Belarus Revokes Accreditation of at Least 17 Journalists Covering Post-Election Turmoil
Belarusian authorities stripped accreditation from at least 17 journalists from major foreign news organizations who have been covering the country’s turmoil following the disputed presidential election.
The move, taken on August 29 by a commission of the national Security Council, was a major escalation by President Alexander Lukashenko’s government as it continues to face popular protest and international condemnation for the August 9 election, and for the harsh police crackdown on opposition protesters.
The journalists targeted include employees of major Western news organizations including RFE/RL, the BBC, the Associated Press, Reuters, Agence-France Presse, Germany’s ARD television, Deutsche Welle, and Radio France. Without accreditations, journalists are not legally permitted to gather news within the country.
No reason for the government’s decision was provided.
It was not immediately clear if journalists from Russian state-run and state-funded news media, such as the TASS news agency, Vesti TV, or the RT channel, faced a similar loss of accreditation.
‘Desperate, ominous move’
At least 17 journalists had their accreditations canceled, the Belarus Association of Journalists reported.
“Stripping our journalists of accreditation on grounds of ‘extremism’ is a desperate and ominous move by an authoritarian government to stifle the independent media and ruthlessly control the availability of credible information inside Belarus,” acting RFE/RL President Daisy Sindelar said in a statement. “It’s a violation of international standards and an assault on the Belarusian people who rely on us.”
Four journalists from RFE/RL’s Belarus Service were hit by the move, and one from Current Time, the Russian-language TV network run by RFE/RL in cooperation with VOA.
Others include two from the BBC, two from AP, two from AFP, two from ARD, and two from Reuters.
Many of those affected are Belarusian citizens.
Reuters journalist Tatyana Melnichuk told RFE/RL that she had been informed that her accreditation had been revoked via a telephone call from the Foreign Ministry.
“They told us that our accreditation, like the accreditations of the BBC journalists, had been revoked and that we had to return them today or on Monday,” Melnichuk said. “They didn’t give any reason.”Detained Journalists in Belarus Face Charges for Covering Post-Election ProtestsAt least 35 journalists, and more than 260 people overall were detained during Aug. 27 protests in Minsk, according to a list compiled by the human rights center Vyasna US calls for ‘restraint’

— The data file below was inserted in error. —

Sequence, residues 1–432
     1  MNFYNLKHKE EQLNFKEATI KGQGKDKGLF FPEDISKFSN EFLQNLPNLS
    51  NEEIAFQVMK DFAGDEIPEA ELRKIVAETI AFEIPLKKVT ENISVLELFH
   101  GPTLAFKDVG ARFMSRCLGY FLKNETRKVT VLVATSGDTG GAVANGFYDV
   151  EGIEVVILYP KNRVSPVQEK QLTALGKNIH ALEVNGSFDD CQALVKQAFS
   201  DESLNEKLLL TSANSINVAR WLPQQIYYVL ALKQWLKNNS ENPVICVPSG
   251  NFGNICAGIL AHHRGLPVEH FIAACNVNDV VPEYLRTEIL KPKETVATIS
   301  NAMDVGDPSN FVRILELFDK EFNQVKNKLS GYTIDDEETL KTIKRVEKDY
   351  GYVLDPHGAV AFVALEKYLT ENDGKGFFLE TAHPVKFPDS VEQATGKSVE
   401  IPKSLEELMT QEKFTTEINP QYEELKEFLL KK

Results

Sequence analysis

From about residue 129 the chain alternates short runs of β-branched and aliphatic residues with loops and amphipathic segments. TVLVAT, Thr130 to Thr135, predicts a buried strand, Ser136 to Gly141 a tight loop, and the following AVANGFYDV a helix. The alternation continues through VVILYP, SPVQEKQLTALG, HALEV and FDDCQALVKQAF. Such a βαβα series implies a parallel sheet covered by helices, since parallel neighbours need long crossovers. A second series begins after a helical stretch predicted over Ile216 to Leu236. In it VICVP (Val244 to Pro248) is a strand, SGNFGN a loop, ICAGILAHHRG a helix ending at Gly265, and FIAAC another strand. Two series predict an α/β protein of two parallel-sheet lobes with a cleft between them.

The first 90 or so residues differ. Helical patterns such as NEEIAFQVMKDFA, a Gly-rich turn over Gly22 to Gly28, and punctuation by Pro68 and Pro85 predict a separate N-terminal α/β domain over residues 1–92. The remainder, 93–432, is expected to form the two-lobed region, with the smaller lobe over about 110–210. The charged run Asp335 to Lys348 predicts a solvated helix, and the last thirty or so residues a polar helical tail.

The U.S. Embassy in Minsk called on Belarusian authorities to “demonstrate restraint.”
“We stand by our long-term commitment to support Belarus’ sovereignty and territorial integrity, as well as the aspirations of the Belarusian people to choose their leaders and to choose their own path, free from external intervention,” the statement said.
Two days earlier, around 50 journalists were detained while covering postelection protests in Minsk; the group included employees from Belarusian outlets such as TUT.BY, BelaPAN, and Belsat.
In all, more than 260 people were detained during at the time, according to the human rights center Vyasna.
The Belarusian Association of Journalists said most of the journalists detained at the time were released after police checked their documents.
Four journalists who refused to hand over their smartphones for police to check were charged with participating in an unauthorized protest, the association said. A Swedish journalist will also be deported, it added.
The detentions came after nearly three weeks of protests against the official results of the election, which gave Lukashenko a landslide victory.
Demonstrators and opposition leaders are contesting those results, charging that the vote was rigged in Lukashenko’s favor.
During their detention on August 27, RFE/RL journalists were searched by police, who appeared to be looking for recording equipment. Their laptops and cameras were seized, and they were ordered to open the photo galleries and other information on their mobile phones. In at least one case, a journalist was told to delete images of riot police.
One RFE/RL photographer was threatened with misdemeanor charges if he refused to comply with police orders.
Meanwhile, many websites of news organizations have seen curtailed access within Belarus amid reports that of sporadic Internet access.
Several bloggers also remain in prison, including a consultant for RFE/RL’s Belarus Service on digital strategy. His detention in Zhodzina prison outside of Minsk has been extended to October 25.
Protesters, who are planning another demonstration in Minsk on August 30, have been largely defiant despite a brutal police crackdown, and widespread evidence of beatings and torture of detained protesters.
The leading opposition candidate, Sviatlana Tsikhanouskaya, told the European Parliament this week that at least six people have been killed in the crackdown and dozens of protesters have gone missing after being detained by authorities.
With reporting by Current Time.